The past year has by no means been easy. As a society we have been asked to stay at home, witnessed injustice, protested and seen governments change, all whilst trying to tackle an international pandemic. However, the film industry has also seen a lot of change, which is evident in this year’s Academy Award nominees.
The nominees for 93rd Academy Awards will go down in history for being the most diverse thus far. This year, 45% of the 20 acting nominees come from ethnic minority backgrounds – a long awaited change following the infamous all-white 2015 ceremony. Viola Davis’s well-deserved fourth nomination for her role as a 1920s blues singer in Ma Rainey’s Black Bottom has given her the title of the most-nominated black actress ever. Furthermore, Minari’s Yuh-Jung Youn is the first South Korean actress to be shortlisted. In addition to these big steps forward, Riz Ahmed made history with his best actor nomination for Sound of Metal. Ahmed is the first Muslim and the first person of Pakistani descent to be nominated in the best actor category.
However, the British invasion did not stop there. Ahmed is up against more fellow Brits, including Sir Anthony Hopkins for his role as a man struggling with memory loss and reality in The Father. Sir Anthony’s sixth Academy Award nomination is also record breaking as at 83 he is the oldest person ever to be nominated for best actor. Both Sir Anthony and Ahmed are up against another British actor, Gary Oldman, for his role as screenwriter Herman J. Mankiewicz in the biopic Mank. In addition to the best actor category, Sacha Baron Cohen and Daniel Kaluuya have also been nominated for their roles in The Trial of the Chicago 7 and Judas and the Black Messiah respectively.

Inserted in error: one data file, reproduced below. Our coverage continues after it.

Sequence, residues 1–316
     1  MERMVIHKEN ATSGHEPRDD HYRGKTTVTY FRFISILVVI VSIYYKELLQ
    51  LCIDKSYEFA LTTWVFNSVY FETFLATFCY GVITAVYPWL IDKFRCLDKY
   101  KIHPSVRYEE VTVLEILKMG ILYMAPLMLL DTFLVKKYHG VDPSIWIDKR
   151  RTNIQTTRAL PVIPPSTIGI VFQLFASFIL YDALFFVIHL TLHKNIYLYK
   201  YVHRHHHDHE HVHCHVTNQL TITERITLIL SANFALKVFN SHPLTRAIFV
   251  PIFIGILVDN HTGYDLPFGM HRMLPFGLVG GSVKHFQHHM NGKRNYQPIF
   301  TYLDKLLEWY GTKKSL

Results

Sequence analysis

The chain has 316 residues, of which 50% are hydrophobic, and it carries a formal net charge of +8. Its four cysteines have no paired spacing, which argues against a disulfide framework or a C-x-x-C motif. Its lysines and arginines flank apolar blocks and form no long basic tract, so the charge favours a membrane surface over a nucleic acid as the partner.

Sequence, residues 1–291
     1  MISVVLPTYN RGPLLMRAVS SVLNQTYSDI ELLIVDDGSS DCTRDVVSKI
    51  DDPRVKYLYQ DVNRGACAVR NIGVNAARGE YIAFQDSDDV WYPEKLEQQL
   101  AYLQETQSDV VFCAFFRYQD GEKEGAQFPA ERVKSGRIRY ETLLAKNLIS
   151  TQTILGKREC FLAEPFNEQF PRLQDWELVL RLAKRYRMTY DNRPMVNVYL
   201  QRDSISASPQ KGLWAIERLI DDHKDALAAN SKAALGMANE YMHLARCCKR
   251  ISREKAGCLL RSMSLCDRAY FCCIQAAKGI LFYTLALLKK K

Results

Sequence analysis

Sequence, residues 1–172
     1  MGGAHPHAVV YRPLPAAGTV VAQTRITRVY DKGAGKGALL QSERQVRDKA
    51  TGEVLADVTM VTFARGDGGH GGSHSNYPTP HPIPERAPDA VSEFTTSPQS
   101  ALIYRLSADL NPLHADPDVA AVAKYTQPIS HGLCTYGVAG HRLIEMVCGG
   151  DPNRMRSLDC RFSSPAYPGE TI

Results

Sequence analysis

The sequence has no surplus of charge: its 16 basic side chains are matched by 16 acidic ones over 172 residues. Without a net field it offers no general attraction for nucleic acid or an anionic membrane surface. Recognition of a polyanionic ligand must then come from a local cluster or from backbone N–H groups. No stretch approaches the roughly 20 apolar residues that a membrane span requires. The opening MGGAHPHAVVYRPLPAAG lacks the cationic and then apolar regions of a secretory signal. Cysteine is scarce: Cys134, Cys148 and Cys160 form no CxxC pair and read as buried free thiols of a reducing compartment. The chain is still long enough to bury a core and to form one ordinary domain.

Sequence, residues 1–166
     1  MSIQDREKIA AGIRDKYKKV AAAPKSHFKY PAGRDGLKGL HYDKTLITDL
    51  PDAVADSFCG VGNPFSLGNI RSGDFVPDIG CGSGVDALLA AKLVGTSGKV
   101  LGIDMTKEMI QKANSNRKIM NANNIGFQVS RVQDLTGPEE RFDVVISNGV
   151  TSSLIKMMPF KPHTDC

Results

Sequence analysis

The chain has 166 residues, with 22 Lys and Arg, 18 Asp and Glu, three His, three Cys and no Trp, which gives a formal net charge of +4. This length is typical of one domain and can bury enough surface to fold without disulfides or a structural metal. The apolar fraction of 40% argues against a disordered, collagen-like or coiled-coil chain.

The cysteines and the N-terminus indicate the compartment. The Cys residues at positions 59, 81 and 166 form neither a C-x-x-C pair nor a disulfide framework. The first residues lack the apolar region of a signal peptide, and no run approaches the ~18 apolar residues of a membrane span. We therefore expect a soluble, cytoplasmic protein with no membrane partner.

British actresses have also taken centre stage. The Crown’s Olivia Coleman and Vanessa Kirby have been nominated for their roles in The Father and Pieces of a Woman, and another Crown alumnus, Emerald Fennell, made headlines with her feature film directorial debut Promising Young Woman. Despite being snubbed by this year’s BAFTAs, the revenge thriller has bagged 5 nominations, including best director, best actress, best picture and best original screenplay. Fennell’s nomination has made her the first British woman to be nominated for the director prize. However, Fennell is not the only female director in this category. Nomadland’s Chloé Zhao is also in the running, making 2021 the first year in the award’s 93-year history that two women have been shortlisted for best director.
Netflix and Amazon Prime have been a great comfort blanket over the last year. Their important role in our lives has been recognised in this year’s nominations. With the pandemic causing cinemas across the world to shut their doors, the Oscars briefly dropped their mandate that films play commercially in theatres in order to be eligible for awards. Without a doubt, this is a streaming-centric year; Netflix bagged 35 nominations, beating any other Hollywood film studio, whilst Amazon secured 12 nominations for 4 films, including Sound of Metal and Borat Subsequent Moviefilm: Delivery of Prodigious Bribe to American Regime for Make Benefit Once Glorious Nation of Kazakhstan. Apple also got a slice of the pie by obtaining its first ever nominations for Wolfwalkers and Greyhound.
Surely such an important year in film history should be commemorated properly?
The Awards Season has had a serious case of ‘Zoom Fatigue.’ Unfortunately, as part of Covid-19 safety measures, 2021’s Golden Globes and Emmys went virtual, leading to nominees having to accept their awards via Zoom. Nonetheless, this shall not be the case for the 93rd Academy Awards. The show’s producers, Steven Soderbergh, Stacey Sher and Jesse Collins, confirmed in a letter to all nominees that they had gone to ‘great lengths to provide a safe and enjoyable evening for all of you in person.’ The ceremony is due to take place on 25th April in Los Angeles and should reintroduce some normality into show business.
Image: Martin Vorel via LibreShot